Even as Arab women continued to produce traditional belles-lettres, above all in poetry, beginning in the nineteenth century, they also assumed new roles as social reformers and campaigners for women's equality. One of the best known such women authors who contributed to the emergent Arab public sphere, Malak Ḥifnī Nāṣṣif (1886–1918), did so under the pseudonym Bāḥithat al-Bādiyah (“Seeker in the Desert”). Nāṣṣif polemicized directly against Qāsim Amīn's influential The Liberation of Women (Taḥrīr al-marʿa, 1899) and The New Woman (Al-marʿa al-jadīda, 1900), two acclaimed treatises that sought to replace the veiling of women with a conception of gender relations based on Victorian moral norms. In her polemics, which were published serially and collected only posthumously in book form, Nāṣṣif deftly shows how Amīn reinforces patriarchal norms under the guise of reformist values. Even as they cultivated distinctive literary voices that transformed a primarily masculine public sphere, Arab women writers such as May Ziadeh followed the example of the Andalusian poetess Wāllada by regularly hosting salons where the literary community gathered to debate the burning issues of the day.

    In A Difficult, Mountainous Journey (Riḥlah jabalīyah, riḥlah ṣaʿbah, 1985), arguably the most accomplished twentieth century Islamic autobiography, Fadwā Ṭūqān (who first made her mark as poet by reviving the pre-Islamic mourning elegy) memorably portrays Palestinian society's encounter with modernity through the lens of a young girl coming of age in British mandate Nablus. Ṭūqān journeys to Oxford and later returns to her homeland with a renewed commitment to the Palestinian cause.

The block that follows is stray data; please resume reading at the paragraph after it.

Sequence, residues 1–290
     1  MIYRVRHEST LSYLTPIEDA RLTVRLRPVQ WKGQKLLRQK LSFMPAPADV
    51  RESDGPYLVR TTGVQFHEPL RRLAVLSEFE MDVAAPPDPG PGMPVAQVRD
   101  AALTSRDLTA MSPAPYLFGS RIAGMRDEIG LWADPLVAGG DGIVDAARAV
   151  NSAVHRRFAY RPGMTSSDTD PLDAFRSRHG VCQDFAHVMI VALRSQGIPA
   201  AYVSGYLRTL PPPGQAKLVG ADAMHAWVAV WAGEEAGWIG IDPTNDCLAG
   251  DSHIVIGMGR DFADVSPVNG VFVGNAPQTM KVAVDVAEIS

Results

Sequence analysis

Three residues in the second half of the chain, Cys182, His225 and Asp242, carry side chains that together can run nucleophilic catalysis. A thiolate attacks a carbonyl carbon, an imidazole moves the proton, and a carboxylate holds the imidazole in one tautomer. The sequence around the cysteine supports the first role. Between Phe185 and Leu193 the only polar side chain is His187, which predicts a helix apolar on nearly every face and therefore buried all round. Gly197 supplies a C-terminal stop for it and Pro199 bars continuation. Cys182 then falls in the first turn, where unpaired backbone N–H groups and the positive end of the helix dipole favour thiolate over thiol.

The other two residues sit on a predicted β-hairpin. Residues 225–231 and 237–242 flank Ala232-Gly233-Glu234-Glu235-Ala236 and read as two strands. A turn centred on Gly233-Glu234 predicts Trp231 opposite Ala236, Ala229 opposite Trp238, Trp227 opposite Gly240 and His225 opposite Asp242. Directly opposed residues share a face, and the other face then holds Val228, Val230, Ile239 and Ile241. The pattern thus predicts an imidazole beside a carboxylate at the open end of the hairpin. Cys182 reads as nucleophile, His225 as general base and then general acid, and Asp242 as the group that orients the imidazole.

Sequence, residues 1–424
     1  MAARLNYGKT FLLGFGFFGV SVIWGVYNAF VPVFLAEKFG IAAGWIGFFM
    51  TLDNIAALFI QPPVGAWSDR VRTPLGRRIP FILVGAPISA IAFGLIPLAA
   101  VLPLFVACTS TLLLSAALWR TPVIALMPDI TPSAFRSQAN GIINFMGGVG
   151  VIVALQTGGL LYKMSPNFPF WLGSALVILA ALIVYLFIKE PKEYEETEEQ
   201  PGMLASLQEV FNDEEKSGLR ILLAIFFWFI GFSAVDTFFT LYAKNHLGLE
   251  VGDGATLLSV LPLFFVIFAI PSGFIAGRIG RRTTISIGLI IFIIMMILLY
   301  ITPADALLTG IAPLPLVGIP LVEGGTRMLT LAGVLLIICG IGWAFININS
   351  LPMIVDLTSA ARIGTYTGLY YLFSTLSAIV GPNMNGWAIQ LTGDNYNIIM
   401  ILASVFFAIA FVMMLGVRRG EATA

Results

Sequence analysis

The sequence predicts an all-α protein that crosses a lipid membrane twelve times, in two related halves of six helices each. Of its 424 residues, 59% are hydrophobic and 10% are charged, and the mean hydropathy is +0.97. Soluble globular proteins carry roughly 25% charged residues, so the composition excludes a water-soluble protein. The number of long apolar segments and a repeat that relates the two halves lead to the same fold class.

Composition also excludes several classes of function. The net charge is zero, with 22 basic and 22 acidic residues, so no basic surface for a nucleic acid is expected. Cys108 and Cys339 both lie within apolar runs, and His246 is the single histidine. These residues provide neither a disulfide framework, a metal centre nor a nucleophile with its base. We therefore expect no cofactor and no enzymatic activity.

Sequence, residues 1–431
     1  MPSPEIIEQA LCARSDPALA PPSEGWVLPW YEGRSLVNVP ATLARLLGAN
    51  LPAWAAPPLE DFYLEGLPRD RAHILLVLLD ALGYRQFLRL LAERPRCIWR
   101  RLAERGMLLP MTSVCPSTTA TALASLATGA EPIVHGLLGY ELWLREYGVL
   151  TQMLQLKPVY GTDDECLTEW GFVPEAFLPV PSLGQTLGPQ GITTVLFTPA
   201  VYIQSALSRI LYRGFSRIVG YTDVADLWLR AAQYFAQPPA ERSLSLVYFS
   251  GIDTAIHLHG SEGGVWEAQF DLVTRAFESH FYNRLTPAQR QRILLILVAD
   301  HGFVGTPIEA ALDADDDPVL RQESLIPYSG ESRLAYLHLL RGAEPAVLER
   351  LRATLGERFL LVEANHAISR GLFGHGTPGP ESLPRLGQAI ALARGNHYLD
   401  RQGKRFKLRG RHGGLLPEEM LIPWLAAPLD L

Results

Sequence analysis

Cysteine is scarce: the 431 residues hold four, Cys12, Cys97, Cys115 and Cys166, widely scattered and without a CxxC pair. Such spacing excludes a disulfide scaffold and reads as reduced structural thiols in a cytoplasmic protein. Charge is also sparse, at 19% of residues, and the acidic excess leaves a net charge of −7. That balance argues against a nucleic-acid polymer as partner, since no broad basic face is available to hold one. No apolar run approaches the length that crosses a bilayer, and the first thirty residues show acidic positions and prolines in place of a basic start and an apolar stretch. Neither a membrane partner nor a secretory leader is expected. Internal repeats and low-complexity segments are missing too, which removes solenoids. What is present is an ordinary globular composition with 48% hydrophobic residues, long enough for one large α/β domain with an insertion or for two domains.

In narrating the emergence of her literary voice and the historically induced politicization of her poetics, Ṭūqān powerfully encapsulates within a single text the experience of being an Arab woman and a dispossessed Palestinian—two experiences that are not frequently brought together in the masculinist discourse of national liberation. By bringing the distinct facets of gender and political dispossession in modern Arab history together into the same text, Ṭūqān gestures toward the many ways in which Arab women's writing sheds light on the core of the modern Arab experience.

    While women's contributions to Arabic literature were overwhelmingly in poetic genres before modernity, modern women authors such as Ghāda al-Sammān and Ulfat Idilbī of Syria, Saḥar Khalīfah and Lina Badr of Palestine, Leila Aboulela of Sudan, and Hanan al-Shaykh of Lebanon have more recently made substantial contributions to the development of Arabic prose genres. The novel, autobiography (al-sīra al-dhatiyya), and other forms of nonfictional literary reflection are the three most notable areas of achievement by Arab women writers. Although some contemporary women writers, such as Ghāda al-Sammān and Ulfat Idilbī, do not wish to apply the label “woman writer” to themselves and prefer to see their works as addressed to a nongendered general public, these writers too are embedded in a community of female readers that is becoming increasingly skilled at finding linkages between past and present forms of women's writing.

    Bibliography

    • cooke, miriam. “No Such Thing as Women's Literature.” Journal of Middle East Women's Studies 1.2 (2005): 25–54.
    • cooke, miriam, and Badran, Margot. Opening the Gates: An Anthology of Arab Feminist Writing. Bloomington: Indiana University Press, 2004.
    • De Young, Terri. “Love, Death, and the Ghost of al-Khansa’: The Modern Female Poetic Voice in Fadwa Ṭūqān's Elegies for her Brother Ibrahim.” In Issa Boullatta Festschrift: Tradition, Modernity, and Postmodernity in Arabic Literature: Essays in Honor of Professor Issa J. Boullata, edited by Kamal Abdel-Malek and Wael Hallaq, pp. 44–75. Leiden: Brill, 2000.
    • Hammond, Marlé. Beyond Elegy: Classical Arab Women's Poetry in Context. Oxford: Oxford University Press, 2010.